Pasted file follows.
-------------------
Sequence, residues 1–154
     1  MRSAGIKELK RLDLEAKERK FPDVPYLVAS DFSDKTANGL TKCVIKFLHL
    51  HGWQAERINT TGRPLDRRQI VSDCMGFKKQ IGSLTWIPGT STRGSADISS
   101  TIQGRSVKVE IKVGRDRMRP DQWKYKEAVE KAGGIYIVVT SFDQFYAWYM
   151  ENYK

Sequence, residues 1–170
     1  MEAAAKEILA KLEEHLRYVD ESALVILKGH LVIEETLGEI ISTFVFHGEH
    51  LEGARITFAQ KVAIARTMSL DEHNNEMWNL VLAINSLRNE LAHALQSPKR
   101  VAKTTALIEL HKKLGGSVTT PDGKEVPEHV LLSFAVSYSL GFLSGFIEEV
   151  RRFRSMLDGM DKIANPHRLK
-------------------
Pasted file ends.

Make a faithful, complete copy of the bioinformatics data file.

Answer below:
Sequence, residues 1–154
     1  MRSAGIKELK RLDLEAKERK FPDVPYLVAS DFSDKTANGL TKCVIKFLHL
    51  HGWQAERINT TGRPLDRRQI VSDCMGFKKQ IGSLTWIPGT STRGSADISS
   101  TIQGRSVKVE IKVGRDRMRP DQWKYKEAVE KAGGIYIVVT SFDQFYAWYM
   151  ENYK

Sequence, residues 1–170
     1  MEAAAKEILA KLEEHLRYVD ESALVILKGH LVIEETLGEI ISTFVFHGEH
    51  LEGARITFAQ KVAIARTMSL DEHNNEMWNL VLAINSLRNE LAHALQSPKR
   101  VAKTTALIEL HKKLGGSVTT PDGKEVPEHV LLSFAVSYSL GFLSGFIEEV
   151  RRFRSMLDGM DKIANPHRLK